Chuseok - Korean Thanksgiving Day
Chuseok - Korean Thanksgiving Day
Chuseok (추석) is one of the biggest and most important holidays in Korea. Family members from near and far come together to share food and stories and to give thanks to their ancestors for an abundant harvest. In 2014, Chuseok Day falls on September 8, but the holiday is observed for a total of three days (September 7–9). Fortunately, this year's Chuseok holiday period makes for a 5-day weekend since Wednesday, September 10 was also designated a day off during this national holiday period. Many Koreans will visit their family homes to spend quality time together, and the holidays provide a good opportunity to enjoy traditional cultural experiences throughout Korea. Let's take a closer look at the traditional Korean holiday of Chuseok.
The meaning of Chuseok (Hangawi)
Chuseok is one of Korea’s three major holidays, along with Seollal (New Year’s Day) and Dano (the 5th day of the 5th month of the lunar year) and is also referred to as Hangawi (한가위). Han means “big” and gawi means “the ides of August/Autumn” (August 15th according to the lunar calendar is when the full harvest moon appears). Hangawi/Chuseok was the day on which Koreans, an agrarian people throughout most of history, gave thanks to their ancestors for the year’s harvest, and shared their abundance with family and friends.
Although the exact origin of Chuseok is unclear, the tradition may be found at ancient religious practices that centered around the moon. The sun’s presence was considered routine, but the full moon that came once a month was considered a special and meaningful event. Therefore, harvest festivities took place on the day of the bright, full moon or August 15 on the lunar calendar system.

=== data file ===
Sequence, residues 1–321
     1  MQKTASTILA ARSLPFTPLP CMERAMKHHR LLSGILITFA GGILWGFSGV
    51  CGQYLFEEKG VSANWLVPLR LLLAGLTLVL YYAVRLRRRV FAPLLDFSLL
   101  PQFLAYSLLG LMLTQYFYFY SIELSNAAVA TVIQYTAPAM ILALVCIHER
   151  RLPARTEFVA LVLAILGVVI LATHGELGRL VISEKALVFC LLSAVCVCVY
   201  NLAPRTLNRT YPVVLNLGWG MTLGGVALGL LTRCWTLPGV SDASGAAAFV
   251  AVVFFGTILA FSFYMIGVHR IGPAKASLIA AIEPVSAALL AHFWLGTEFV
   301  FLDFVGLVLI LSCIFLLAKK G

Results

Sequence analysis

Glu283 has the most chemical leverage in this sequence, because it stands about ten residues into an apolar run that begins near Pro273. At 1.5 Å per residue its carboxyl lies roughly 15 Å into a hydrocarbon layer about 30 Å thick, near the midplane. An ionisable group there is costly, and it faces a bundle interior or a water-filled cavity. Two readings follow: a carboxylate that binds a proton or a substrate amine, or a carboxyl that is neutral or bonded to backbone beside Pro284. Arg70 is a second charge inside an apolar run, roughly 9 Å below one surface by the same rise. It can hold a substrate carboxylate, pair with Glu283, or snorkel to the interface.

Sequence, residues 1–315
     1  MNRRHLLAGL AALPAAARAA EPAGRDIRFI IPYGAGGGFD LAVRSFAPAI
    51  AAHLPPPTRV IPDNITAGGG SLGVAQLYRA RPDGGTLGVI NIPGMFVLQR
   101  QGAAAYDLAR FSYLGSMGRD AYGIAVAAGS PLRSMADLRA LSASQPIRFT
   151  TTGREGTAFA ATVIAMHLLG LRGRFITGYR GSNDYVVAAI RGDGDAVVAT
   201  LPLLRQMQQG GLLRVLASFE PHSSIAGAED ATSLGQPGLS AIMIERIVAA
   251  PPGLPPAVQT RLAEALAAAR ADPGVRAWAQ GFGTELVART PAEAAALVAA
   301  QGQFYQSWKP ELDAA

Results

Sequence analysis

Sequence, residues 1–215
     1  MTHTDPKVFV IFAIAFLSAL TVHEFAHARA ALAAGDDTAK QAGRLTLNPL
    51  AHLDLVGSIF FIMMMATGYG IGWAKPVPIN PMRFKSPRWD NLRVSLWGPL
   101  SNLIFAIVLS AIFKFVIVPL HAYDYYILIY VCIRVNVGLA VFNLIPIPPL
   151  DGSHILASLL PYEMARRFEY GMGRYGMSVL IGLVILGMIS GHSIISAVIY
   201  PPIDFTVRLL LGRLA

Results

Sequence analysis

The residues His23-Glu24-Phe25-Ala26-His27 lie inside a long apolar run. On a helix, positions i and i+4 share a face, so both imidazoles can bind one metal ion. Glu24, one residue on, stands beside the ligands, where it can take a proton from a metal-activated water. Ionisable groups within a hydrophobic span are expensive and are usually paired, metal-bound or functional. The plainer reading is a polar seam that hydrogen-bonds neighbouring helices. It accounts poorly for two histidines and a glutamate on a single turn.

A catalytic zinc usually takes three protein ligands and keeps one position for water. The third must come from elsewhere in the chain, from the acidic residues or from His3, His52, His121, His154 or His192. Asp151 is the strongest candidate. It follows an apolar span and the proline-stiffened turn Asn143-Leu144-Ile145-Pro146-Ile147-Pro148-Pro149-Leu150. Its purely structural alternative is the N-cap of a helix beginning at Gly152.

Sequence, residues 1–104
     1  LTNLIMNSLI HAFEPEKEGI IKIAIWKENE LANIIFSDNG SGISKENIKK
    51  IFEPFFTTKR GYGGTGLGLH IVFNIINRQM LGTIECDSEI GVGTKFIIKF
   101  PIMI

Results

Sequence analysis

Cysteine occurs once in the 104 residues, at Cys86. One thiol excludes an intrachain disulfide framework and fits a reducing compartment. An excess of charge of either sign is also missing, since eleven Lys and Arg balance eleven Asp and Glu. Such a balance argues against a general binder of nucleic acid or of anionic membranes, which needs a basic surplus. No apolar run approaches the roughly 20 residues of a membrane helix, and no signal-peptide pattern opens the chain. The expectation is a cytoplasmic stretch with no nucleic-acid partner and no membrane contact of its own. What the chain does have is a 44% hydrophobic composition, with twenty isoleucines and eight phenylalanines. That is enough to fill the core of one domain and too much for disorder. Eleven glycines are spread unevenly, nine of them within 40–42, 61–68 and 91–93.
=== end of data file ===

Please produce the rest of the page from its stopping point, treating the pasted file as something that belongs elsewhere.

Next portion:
On the morning of Chuseok Day, foods prepared with the year’s fresh harvest are set out to give thanks to ancestors through Charye (ancestor memorial service). After Charye, families visit their ancestors’ graves and engage in Beolcho, a ritual of clearing the weeds that may have grown up over the burial mound. After dusk, families and friends take walks and gaze at the beauty of the full harvest moon or play folk games such as Ganggangsullae (Korean circle dance).
Charye (ancestor memorial services)
On Chuseok morning, family members gather at their homes to hold memorial services (called Charye, 차례) in honor of their ancestors. Formal Charye services are held twice a year: during Seollal (Lunar New Year’s Day) and Chuseok. The difference between the two services is that during Seollal the major representative food is Tteokguk, a rice cake soup, while during Chuseok the major representative foods are freshly harvested rice, alcohol and songpyeon (rice cakes). After the service, family members sit down together at the table to enjoy delicious food.
Beolcho (clearing the weeds around the grave) and Seongmyo (visiting ancestral graves)
Visiting ancestral graves during Chuseok is known as Seongmyo (성묘). During this visit, family members remove the weeds that have grown around the graves in the summer season, a practice which is called Beolcho (벌초). This custom is considered a duty and expression of devotion and respect for one’s family. On the weekends, about one month prior to the Chuseok holidays, Korea’s highways become extremely congested with families visiting their ancestral graves to fulfill their familial duties. The graves are then visited again during Chuseok.
Ssireum (Korean wrestling)
During the match, two competitors face each other in the middle of a circular sandpit and try to pin their opponent using their strength and skills, running through a one on one tournament. The last wrestler left standing after a series of competitions is considered the winner and is named the village’s strongest man, taking home cotton, rice, or a calf as his prize.
Ganggangsullae (Korean circle dance)